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Chattels personal = distinction between tangible (choses in possession) and intangible (choses in action)Chattels PersonalChose in Possession v Chose in ActionR v Hawcroft  ACTSC 145Accused was charged under the Crimes Act 1900(ACT) s 89 with 230 counts of theft of sums of money after she misappropriated proceeds of a trust fund which she was trusteeHer council argued that the property of beneficiaries she had stolen was a chose in action, not a sum of money, it was actually the debt the bank owedThe court upheld that it was a chose in actionand was acquittedKingdom v Western Australia  WASCA 74Supreme Court overturned above decision in AustraliaTrustee bought herself a house, and court of appeal convicted her stating that it was moneyPropertyPersonal PropertyChattels realChattels realpersonalChattels personaltangibleChoses in posession: tangibleintangibleChoses in action: intangibleintangiblesPure intangiblesintangiblesDocumentary intangibles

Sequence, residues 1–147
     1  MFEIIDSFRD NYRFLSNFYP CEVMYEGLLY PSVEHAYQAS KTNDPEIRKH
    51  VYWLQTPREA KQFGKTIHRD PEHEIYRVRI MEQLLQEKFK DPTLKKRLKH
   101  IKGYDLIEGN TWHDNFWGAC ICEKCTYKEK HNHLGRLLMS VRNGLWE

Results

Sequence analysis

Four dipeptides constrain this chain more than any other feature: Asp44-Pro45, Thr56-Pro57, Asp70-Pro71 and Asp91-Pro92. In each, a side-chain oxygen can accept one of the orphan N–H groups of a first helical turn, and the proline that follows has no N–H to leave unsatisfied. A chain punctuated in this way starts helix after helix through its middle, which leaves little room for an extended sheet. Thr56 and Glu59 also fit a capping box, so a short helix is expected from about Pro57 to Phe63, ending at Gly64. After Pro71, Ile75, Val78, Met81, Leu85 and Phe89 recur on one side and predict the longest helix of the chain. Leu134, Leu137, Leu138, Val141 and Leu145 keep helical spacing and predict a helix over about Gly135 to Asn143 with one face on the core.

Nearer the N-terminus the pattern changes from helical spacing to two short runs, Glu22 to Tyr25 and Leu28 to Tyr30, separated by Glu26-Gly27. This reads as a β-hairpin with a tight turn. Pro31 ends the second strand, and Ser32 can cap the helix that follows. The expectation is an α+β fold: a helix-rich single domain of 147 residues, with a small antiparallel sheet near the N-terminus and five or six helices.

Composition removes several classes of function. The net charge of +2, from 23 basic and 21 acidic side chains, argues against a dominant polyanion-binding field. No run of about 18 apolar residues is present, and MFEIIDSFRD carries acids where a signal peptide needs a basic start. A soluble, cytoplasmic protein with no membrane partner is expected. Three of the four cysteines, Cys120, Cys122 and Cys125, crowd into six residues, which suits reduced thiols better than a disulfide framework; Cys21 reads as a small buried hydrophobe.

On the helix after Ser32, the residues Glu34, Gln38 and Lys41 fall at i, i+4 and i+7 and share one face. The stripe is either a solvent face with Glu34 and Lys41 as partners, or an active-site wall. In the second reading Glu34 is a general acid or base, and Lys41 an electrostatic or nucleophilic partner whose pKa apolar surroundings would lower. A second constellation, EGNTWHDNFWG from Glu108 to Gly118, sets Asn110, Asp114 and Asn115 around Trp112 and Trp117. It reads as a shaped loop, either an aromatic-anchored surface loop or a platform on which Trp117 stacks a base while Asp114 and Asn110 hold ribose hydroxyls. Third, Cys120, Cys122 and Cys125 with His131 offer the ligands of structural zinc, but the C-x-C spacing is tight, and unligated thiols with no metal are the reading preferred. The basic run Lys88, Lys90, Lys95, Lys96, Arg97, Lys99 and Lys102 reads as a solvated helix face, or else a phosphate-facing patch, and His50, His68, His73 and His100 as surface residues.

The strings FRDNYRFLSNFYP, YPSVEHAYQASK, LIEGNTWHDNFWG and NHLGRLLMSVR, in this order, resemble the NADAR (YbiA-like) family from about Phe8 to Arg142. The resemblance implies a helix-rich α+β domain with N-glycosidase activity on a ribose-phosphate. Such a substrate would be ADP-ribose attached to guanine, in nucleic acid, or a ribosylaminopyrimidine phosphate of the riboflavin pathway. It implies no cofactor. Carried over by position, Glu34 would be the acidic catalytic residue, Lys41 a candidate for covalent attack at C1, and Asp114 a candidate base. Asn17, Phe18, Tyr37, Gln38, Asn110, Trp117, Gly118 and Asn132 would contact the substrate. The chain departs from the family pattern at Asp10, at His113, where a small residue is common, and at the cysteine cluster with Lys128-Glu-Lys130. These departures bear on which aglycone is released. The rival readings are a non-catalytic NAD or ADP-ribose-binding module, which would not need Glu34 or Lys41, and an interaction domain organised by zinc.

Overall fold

Unicomb v Official Trustee in Bankruptcy 99 FCR 1Before being discharged from bankruptcy (anything that comes into your hand goes to bank), building society demutualisedDid this decision create any property in hands of bankrupt?Held: not sufficient to vest any enforceable chose of action against the applicant, only when shares were issued at a later datePure Intangibles or Documentary IntangiblesDocumentary intangibles: title to goods, payment of money, negotiable securitiesPure intangibles: debts, goodwill and intellectual propertyPersonal Property can be held at law or in equityFundamentals of Personal Property:Ownership and PossessionTransfer of possession of personal property without a corresponding transfer of ownership may create a bailment, OR if purpose of transfer is to use property by way of security, creates a pledgeOwnership without possession will allow a creditor to retake (repossess) an asset if the person who has possession becomes bankruptTransfer of ownership without a transfer of possession gives the possessor rights over the goods which may end up with the owner losing their ownershipOwnershipDoctrine of tenures does not apply to goodsLegal title to goods is indivisible but more than one legal title can exist (two people exactly at the same time, true owner (stronger) v possessor (measured))oGatward v Alley (1940) A good title consists in having legal rights against the whole world, possession is enforceable except against true ownerPossessionGood root of title against whole world except true ownerForms basis of some security interests such as pledges, liens and baileesPossession often is the element that decides who owns “found” propertyGiven full protection of lawImportant element in making a giftApplies only in the case of physical property (that which is capable of possession). Purely intangible property cannot be physically possessedPossession/right to possession is a precondition for granting of some remedies (conversion)Possession in Fact v Possession in Lawo